but the people attending—she estimated 90% Afro-American—were inspired and
uplifted nonetheless. There was sharing and communicating going on everywhere.
A woman showed Deb the pictures she’d brought along of her ancestors. Barriers
were ignored in the excitement. The material frame was there as a kind of
stage, but the real artistic performance was in the living interactions of
people. Connecting, communicating: that’s what brings inanimate objects to
similarly recalled the amazing dioramas at New York’s Museum of Natural
History, a place many of us know. Again, the exhibits, while beautiful, are in
themselves dead and static. Everything is stuffed. It’s our own imagination
that brings them to life, making them an exciting and transformative
of course, all these things are what you make of them. If someone is prejudiced
against what they are seeing or their mind is elsewhere, they will dislike it,
not matter how wonderful another person finds it. While the environment is a
valuable staging area, the source of delight is always within. We are learning
to access it as a dynamic factor, and not so much as passive entertainment.
sums up the gist of this transformative philosophy:
In the Bhagavad Gita it is said that a
should not disturb the world, nor should he be disturbed by it. When the wisdom
of a man is sound, he lives in a state of transcendence without neglecting his
role in the world of transactions. The Isavasya Upanishad speaks of such a man
as one who becomes immortal in wisdom.
Everyone stayed a while after the closing meditation to
listen to a little of November Steps. It is utterly unexpected music, noisy and
chaotic, especially at the beginning. Since the night was getting on, no one
had the patience stay long enough to let it blow their mind, 1960s style. It’s
just as well. To each their own. It is enough to dip ones toes in at first.
That knowledge which sees things as they really are is
knowledge or science. That knowledge which makes us aware that the Self alone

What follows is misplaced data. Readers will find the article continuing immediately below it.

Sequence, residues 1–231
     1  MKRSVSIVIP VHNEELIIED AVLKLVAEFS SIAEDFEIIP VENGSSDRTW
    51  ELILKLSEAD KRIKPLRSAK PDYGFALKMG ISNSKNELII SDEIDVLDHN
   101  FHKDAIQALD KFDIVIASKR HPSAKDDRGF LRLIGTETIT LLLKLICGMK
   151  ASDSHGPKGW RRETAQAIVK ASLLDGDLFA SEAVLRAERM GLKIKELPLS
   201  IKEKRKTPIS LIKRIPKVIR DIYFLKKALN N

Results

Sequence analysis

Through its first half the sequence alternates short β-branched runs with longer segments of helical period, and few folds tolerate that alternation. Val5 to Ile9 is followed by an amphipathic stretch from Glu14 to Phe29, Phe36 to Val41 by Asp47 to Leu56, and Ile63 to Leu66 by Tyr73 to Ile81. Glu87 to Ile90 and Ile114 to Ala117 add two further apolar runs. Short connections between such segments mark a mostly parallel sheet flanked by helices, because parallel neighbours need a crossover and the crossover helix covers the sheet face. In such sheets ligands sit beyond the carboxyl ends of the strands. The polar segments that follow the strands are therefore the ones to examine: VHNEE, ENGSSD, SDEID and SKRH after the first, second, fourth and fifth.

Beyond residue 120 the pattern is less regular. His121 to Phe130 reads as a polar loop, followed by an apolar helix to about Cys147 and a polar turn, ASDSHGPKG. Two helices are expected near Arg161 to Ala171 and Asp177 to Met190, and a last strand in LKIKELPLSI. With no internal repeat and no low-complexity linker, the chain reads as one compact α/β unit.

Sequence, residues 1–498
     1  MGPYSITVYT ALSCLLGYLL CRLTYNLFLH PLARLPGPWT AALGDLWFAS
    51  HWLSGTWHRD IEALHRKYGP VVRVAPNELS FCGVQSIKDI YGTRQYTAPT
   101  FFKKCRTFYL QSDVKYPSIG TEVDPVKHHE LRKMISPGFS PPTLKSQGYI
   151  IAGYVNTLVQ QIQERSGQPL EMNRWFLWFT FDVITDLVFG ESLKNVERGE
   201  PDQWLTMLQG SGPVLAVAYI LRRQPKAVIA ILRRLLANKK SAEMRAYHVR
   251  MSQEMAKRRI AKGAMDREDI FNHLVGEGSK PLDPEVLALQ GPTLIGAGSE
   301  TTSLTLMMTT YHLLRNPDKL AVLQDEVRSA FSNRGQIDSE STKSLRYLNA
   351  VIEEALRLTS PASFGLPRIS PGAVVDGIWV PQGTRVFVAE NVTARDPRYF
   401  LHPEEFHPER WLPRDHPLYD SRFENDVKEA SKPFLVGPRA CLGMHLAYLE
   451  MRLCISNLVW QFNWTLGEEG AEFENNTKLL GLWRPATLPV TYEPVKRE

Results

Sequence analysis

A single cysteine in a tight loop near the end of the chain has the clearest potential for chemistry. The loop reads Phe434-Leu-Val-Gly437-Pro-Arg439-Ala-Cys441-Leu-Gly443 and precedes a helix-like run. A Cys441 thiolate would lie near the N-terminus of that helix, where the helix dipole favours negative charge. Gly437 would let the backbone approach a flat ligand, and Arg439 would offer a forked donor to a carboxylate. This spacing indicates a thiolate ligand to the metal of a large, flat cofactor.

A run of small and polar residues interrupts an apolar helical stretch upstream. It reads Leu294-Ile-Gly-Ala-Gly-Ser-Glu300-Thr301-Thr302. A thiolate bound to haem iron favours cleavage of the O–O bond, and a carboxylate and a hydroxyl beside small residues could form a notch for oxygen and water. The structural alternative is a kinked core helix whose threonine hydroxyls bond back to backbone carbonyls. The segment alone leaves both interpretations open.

exists and all else outside it does not exist is (also) knowledge or science. Màyà has a bright intelligent side and
dark ignorant side, of these the bright intelligent side is here referred to as
vidyà or science which is the way to
felt this poem by Anne Carson fit well with our class discussion:
My religion makes no sense
and does not help me
therefore I pursue it
When we see
how simple it would have been
we will thrash ourselves.
I had a vision
of all the people in the world
who are searching for God
massed in a room
on one side
of a partition
from the other side
but we are blind.
Our gestures are blind.
Our blind gestures continue
for some time until finally
on the other side of the partition there we are
looking back at them.
It is far too late.
We see how brokenly
our blind gestures
what God really wanted
(some simple thing).
The thought of it
(this simple thing)
is like a creature
let loose in a room
to get out.
It batters my soul
with its rifle butt.
notes on the Isavasya Upanishad, verses 9-11, from June of 2012, can be
accessed here: http://scottteitsworth.tripod.com/id31.html.
I’ll clip in a few excerpts:
in the exact center of the Upanishad is one of the most powerful teachings to
be found anywhere, spread over three mantras. We look forward to digging deep
into the ways we can benefit from meditating on it.
significant part of the impact comes from the gauntlet thrown at the feet of
our ego, which invariably takes delight in knowledge. Even those who denigrate
knowledge are showing off the superior knowledge they have that knowledge is
overrated. In fact, knowledge is the ego’s primary protective defense. As we
have learned, defenses constrict our world, and so are inimical to the thrust
of liberation. There is a very thin line, if any, between bondage and our
defensive fortifications. As seekers it is time to free ourselves from these
got us off on exactly the right foot, claiming that it doesn’t make sense to
equate knowledge with darkness. Don’t we strive for knowledge to set us free,
to bring us to the light? Of course we do, and the Isavasya Upanishad is not